the loss and bloodshed you have caused. But we must crush your armies, and exterminate your Government. And is not that already nearly done? You are wholly without money, and at the end of your resources. Grant has shut you up in Richmond. Sherman is before Atlanta. Had you not, then, better accept honorable terms while you can retain your prestige, and save the pride of the Southern people? Mr. Davis smiled. I respect your earnestness, Colonel, but you do not seem to understand y thousand men--more than Lee had at the outset--and is no nearer taking Richmond than at first; and Lee, whose front has never been broken, holds him completely in check, and has men enough to spare to invade Maryland, and threaten Washington! Sherman, to be sure, is before Atlanta; but suppose he is, and suppose he takes it? You know, that the farther he goes from his base of supplies, the weaker he grows, and the more disastrous defeat will be to him. And defeat may come. So, in a militar
e efficient and valuable service as volunteer aide. Respectfully submitted, James B. Steedman. Major-General, commanding. Brigadier-General Cruft's report. headquarters Provisional division, Army of the Cumberland, Chattanooga, Tennessee, January 20, 1865. Major Moe. Assistant Adjutant-General, District of the Etowah: The following report of the recent campaign is respectfully submitted: I had been ordered by Major-General Thomas to organize the troops belonging to Major-General Sherman's field command within this department, and report them to Major-General Steedman, commanding District of the Etowah. On the twenty-ninth day of November, 1864, while on the above duty at Chattanooga, Tennessee, an order was received from Major-General Steedman to move that day by rail, all available force. A portion of the garrison at Tunnel Hill was withdrawn, and, with the Eighteenth Ohio volunteers from this post, was added to my command. November 30, 1864. Reached Cowan
te in her day of peril. What though misfortune has befallen our arms from Decatur to Jonesboro, our cause is not lost. Sherman cannot keep up his long line of communication, and retreat, sooner or later he must; and when that day comes the fate thot become us to revert to disaster. Let the dead bury the dead. Let us, with one arm and one effort, endeavor to crush Sherman. I am going to the army to confer with our Generals. The end must be the defeat of our enemy. It has been said that Iers are kept as a sort of Yankee capital. I have heard that one of their Generals said that their exchange would defeat Sherman. I have tried every means, conceded everything to effect an exchange, but to no purpose. Butler, the beast, with whom hington itself, and caused Grant to send two corps of his army to protect it. This the enemy denominated a raid. If so, Sherman's march into Georgia is a raid. What would prevent them now, if Early was withdrawn, from taking Lynchburg, and putting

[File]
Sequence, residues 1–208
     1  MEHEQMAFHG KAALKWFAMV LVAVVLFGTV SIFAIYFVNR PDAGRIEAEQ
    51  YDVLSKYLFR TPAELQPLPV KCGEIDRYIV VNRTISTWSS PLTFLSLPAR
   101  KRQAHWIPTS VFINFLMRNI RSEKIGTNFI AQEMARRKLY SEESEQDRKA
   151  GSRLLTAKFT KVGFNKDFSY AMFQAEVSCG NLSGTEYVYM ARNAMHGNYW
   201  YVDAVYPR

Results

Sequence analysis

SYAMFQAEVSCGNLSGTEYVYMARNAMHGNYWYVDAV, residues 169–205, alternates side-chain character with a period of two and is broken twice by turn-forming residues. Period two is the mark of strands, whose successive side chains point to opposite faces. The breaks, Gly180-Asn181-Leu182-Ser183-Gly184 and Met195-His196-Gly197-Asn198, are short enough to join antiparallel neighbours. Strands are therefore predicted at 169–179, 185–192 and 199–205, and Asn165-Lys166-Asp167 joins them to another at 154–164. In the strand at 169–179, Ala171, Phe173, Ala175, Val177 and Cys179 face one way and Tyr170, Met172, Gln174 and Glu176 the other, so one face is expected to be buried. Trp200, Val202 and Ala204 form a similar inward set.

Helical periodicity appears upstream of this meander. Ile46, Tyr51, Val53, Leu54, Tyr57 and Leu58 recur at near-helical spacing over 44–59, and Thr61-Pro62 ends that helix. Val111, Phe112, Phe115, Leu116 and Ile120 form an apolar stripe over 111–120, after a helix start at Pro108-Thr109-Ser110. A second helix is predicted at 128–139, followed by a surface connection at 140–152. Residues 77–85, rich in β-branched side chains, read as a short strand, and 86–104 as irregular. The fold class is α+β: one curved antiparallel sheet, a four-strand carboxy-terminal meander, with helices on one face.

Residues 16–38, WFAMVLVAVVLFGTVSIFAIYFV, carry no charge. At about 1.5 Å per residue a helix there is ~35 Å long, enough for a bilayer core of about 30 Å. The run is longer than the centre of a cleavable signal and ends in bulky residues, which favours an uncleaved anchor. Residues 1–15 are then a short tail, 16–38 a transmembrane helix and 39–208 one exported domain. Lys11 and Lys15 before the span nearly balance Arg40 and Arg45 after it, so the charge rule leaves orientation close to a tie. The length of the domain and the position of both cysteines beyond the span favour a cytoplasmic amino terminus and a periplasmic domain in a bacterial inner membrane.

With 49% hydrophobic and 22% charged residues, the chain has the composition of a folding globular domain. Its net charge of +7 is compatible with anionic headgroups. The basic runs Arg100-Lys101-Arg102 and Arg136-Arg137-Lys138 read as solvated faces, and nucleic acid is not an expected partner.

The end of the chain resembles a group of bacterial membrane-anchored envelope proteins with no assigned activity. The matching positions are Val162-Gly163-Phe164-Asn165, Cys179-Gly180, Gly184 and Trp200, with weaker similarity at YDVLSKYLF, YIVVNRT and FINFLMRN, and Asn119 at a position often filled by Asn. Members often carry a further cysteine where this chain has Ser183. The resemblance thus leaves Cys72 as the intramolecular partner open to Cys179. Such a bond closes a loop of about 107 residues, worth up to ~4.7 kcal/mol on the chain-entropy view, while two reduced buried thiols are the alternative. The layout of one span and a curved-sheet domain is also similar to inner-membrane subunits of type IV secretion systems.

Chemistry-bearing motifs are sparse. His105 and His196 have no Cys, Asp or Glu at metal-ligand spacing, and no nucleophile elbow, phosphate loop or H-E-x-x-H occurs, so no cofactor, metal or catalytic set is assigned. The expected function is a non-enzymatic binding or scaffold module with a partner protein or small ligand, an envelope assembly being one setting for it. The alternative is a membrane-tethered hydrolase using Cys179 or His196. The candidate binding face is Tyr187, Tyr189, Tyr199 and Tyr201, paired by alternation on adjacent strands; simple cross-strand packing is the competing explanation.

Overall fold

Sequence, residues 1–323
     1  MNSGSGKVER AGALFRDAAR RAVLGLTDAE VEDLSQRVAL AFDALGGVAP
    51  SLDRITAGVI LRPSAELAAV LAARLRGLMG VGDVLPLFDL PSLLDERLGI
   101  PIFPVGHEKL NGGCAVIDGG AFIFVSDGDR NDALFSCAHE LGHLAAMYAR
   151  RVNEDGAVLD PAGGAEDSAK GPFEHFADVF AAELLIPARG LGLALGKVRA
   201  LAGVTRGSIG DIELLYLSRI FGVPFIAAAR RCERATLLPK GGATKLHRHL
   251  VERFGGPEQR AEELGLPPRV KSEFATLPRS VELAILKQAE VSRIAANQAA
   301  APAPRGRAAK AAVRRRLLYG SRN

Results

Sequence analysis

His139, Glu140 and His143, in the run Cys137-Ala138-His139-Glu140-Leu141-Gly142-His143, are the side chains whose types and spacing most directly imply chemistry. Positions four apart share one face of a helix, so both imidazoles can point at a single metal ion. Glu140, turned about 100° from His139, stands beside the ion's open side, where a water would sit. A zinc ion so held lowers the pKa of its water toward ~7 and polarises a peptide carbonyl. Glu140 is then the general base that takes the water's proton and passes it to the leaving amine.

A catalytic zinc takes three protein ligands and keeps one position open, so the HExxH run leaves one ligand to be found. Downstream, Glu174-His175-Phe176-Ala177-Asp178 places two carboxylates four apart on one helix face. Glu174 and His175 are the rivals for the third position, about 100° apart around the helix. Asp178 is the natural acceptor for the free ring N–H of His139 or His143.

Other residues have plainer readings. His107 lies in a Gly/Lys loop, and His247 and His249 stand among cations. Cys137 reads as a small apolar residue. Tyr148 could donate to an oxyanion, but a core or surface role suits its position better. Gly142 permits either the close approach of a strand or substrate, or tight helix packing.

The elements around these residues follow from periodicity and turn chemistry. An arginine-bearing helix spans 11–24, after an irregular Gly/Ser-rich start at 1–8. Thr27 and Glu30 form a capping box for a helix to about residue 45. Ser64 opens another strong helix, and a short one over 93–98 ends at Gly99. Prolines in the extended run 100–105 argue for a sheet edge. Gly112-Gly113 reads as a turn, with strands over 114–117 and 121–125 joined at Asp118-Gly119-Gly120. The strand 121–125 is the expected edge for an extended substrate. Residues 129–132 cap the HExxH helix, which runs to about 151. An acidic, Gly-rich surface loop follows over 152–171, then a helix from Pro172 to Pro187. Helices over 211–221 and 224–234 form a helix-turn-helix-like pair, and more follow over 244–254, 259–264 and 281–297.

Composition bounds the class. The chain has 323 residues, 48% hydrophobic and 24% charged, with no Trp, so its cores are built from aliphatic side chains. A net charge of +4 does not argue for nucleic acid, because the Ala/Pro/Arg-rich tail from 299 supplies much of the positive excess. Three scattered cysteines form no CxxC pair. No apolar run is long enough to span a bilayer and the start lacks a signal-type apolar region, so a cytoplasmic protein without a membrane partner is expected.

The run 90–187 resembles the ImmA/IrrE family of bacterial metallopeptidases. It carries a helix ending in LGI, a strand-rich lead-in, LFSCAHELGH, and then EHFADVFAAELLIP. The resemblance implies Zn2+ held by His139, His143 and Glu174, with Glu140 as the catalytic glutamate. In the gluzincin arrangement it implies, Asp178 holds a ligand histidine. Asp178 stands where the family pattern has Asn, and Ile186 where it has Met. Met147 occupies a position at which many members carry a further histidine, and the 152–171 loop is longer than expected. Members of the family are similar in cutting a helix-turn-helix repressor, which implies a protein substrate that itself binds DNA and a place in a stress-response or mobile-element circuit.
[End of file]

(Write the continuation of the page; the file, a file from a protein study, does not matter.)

ircumstances, and these would have availed but little against the idea that the enemy was scattered, and had no considerable force in our front. Under the circumstances, and with a sad foreboding of the consequences, I determined to move forward, keeping my force as compact as possible, and ready for action at all times, hoping that we might succeed, and feeling that if we did not, yet our losses might, at most, be insignificant, in comparison to the great benefits that might accrue to General Sherman by the depletion of Johnston's army to so large an extent. On the evening of the eighth, one day beyond Ripley, I assembled the commanders of infantry brigades at the headquarters of Colonel McMillen, and cautioned them as to the necessity of enforcing rigid discipline in their camps, keeping their troops always in hand, and ready to act on a moment's notice; that it was impossible to gain any accurate or reliable information of the enemy, and that it behooved us to move and act consta
Doc. 34. recruiting in the rebel States. General W. T. Sherman's letter. headquarters military division of the Mississippi, in the field, near Atlanta, Ga., July 30, 1864. John A. Spooner, Esq., Agent for the Commonwealth of Massachusetts, Nashville, Tenn. sir: Yours from Chattanooga, July twenty-eighth, is received, notifying me of your appointment by your State as Lieutenant-Colonel and Provost-Marshal of Georgia, Alabama, and Mississippi, under the act of Congress, approved J; but I would not draw on the poor race for too large a proportion of its active, athletic young men, for some must remain to seek new homes and provide for the old and young — the feeble and helpless. These are some of my peculiar notions, but I assure you they are shared by a large proportion of our fighting men. You may show this to the agents of the other States in the same business as yourself. I am, etc., W. T. Sherman, Major-General. Official copy: L. M. Dayton, Aide-de-Camp.